To work as a technical writer, you typically need to:

Education after high school

There are many ways to prepare for this occupation. You can get a bachelor's degree in communications, journalism, or English, and add technical classes. Another approach is to major in a technical area, such as engineering, computer science, or science. With this approach, you take as many writing related classes as you can.

A growing number of colleges offer degrees in technical writing. Courses vary based on the type of program. In general, technical writing programs offer a core of writing courses. They also include courses in algebra, statistics, logic, science, and engineering.

A bachelor's degree in technical writing coupled with a master's degree in journalism or communications is excellent preparation.

Work experience

Some technical writers begin as specialists or research assistants in a technical field. By developing technical communication skills, they eventually take on responsibilities for technical writing. In small firms, beginning technical writers may work on projects right away. In larger companies, beginners may observe experienced technical writers and interact with specialists before being assigned projects.

On-the-job training

Beginning technical writers often start with smaller firms or do routine tasks at first. You often begin by doing research or proofreading for experienced writers. Once you have some experience, you write your own articles. Training may last up to six months but usually is around two to three months.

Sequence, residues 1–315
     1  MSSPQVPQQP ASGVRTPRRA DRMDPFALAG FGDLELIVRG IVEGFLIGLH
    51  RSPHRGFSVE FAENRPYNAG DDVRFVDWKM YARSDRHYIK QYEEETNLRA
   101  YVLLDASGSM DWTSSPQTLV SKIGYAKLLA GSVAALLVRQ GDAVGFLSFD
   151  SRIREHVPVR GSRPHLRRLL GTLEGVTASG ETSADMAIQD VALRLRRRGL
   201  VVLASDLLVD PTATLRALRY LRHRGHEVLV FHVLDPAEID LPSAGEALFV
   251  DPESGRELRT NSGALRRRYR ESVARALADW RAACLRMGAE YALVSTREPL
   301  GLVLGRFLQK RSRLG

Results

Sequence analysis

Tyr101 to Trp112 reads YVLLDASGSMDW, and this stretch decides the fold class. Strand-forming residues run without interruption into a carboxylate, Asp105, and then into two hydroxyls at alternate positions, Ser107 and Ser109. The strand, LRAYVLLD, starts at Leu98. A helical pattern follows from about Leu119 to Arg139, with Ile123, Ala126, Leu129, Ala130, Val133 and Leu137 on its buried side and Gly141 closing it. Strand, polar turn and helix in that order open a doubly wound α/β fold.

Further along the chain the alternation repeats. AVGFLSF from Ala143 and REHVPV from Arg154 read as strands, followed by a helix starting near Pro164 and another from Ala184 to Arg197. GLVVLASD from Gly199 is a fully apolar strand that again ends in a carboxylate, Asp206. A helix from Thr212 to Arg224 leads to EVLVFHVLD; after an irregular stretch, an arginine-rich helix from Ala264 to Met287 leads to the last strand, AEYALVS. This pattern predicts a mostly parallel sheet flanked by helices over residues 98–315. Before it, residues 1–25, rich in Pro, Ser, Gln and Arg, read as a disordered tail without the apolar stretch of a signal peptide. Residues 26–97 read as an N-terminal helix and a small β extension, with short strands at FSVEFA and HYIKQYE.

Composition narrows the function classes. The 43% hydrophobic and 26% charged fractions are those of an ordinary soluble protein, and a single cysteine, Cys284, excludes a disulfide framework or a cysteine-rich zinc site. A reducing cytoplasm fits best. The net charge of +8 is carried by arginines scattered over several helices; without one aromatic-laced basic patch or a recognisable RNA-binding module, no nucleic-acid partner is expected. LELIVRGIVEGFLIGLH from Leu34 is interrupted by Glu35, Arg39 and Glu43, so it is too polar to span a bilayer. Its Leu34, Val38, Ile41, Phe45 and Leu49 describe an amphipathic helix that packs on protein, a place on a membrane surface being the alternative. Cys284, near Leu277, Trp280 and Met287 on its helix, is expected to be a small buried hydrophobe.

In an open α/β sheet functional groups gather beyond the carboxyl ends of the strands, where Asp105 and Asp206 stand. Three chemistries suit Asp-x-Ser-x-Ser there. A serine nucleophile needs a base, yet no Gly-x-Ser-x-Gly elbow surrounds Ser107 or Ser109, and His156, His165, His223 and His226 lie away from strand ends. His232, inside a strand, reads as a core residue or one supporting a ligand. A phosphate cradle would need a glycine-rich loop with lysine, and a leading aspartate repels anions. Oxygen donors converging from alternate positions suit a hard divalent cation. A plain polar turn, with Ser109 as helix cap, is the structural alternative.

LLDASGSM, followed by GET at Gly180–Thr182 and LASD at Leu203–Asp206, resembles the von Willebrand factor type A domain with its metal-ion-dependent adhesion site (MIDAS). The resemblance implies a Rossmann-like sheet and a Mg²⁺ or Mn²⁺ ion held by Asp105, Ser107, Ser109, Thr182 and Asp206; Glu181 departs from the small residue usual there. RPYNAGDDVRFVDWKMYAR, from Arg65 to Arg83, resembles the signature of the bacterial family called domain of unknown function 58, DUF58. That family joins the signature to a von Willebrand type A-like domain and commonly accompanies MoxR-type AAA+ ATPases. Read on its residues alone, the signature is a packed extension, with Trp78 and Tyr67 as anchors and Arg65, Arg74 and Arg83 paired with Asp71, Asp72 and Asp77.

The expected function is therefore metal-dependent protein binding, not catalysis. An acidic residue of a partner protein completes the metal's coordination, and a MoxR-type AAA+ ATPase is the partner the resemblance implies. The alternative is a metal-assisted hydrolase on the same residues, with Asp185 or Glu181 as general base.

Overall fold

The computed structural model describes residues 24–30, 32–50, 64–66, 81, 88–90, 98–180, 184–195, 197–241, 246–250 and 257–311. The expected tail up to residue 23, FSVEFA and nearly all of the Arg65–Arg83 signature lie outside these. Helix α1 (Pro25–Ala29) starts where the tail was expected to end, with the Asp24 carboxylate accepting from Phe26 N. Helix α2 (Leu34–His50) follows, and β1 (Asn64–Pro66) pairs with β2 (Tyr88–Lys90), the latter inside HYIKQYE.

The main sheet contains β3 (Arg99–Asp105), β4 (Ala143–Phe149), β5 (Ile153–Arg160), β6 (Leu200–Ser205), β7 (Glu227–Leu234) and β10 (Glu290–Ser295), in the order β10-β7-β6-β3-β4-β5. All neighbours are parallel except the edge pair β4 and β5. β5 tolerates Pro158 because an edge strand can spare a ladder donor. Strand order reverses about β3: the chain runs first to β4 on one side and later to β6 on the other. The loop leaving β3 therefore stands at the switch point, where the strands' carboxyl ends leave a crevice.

Helpful high school courses

In high school, take classes that prepare you for college. A college preparatory curriculum may be different from your state's graduation requirements.

You should also consider taking some advanced courses in high school. This includes Advanced Placement (AP) and International Baccalaureate (IB) courses if they are available in your school. If you do well in these courses, you may receive college credit for them. Advanced courses can also strengthen your college application.

Helpful electives to take in high school that prepare you for this career include:

Also consider taking courses in any technical area you would like to write about, such as engineering or chemistry.

The courses listed above are meant to help you create your high school plan. If you have not already done so, talk to a school counselor or parent about the courses you are considering taking.

You should also check with a teacher or counselor to see if work-based learning opportunities are available in your school and community. These might include field trips, job shadowing, internships, and actual work experience. The goal of these activities is to help you connect your school experiences with real-life work.

Join some groups, try some hobbies, or volunteer with an organization that interests you. By participating in activities you can have fun, make new friends, and learn about yourself. Maybe one of them will help direct you to a future career. Here are examples of activities and groups that may be available in your high school or community.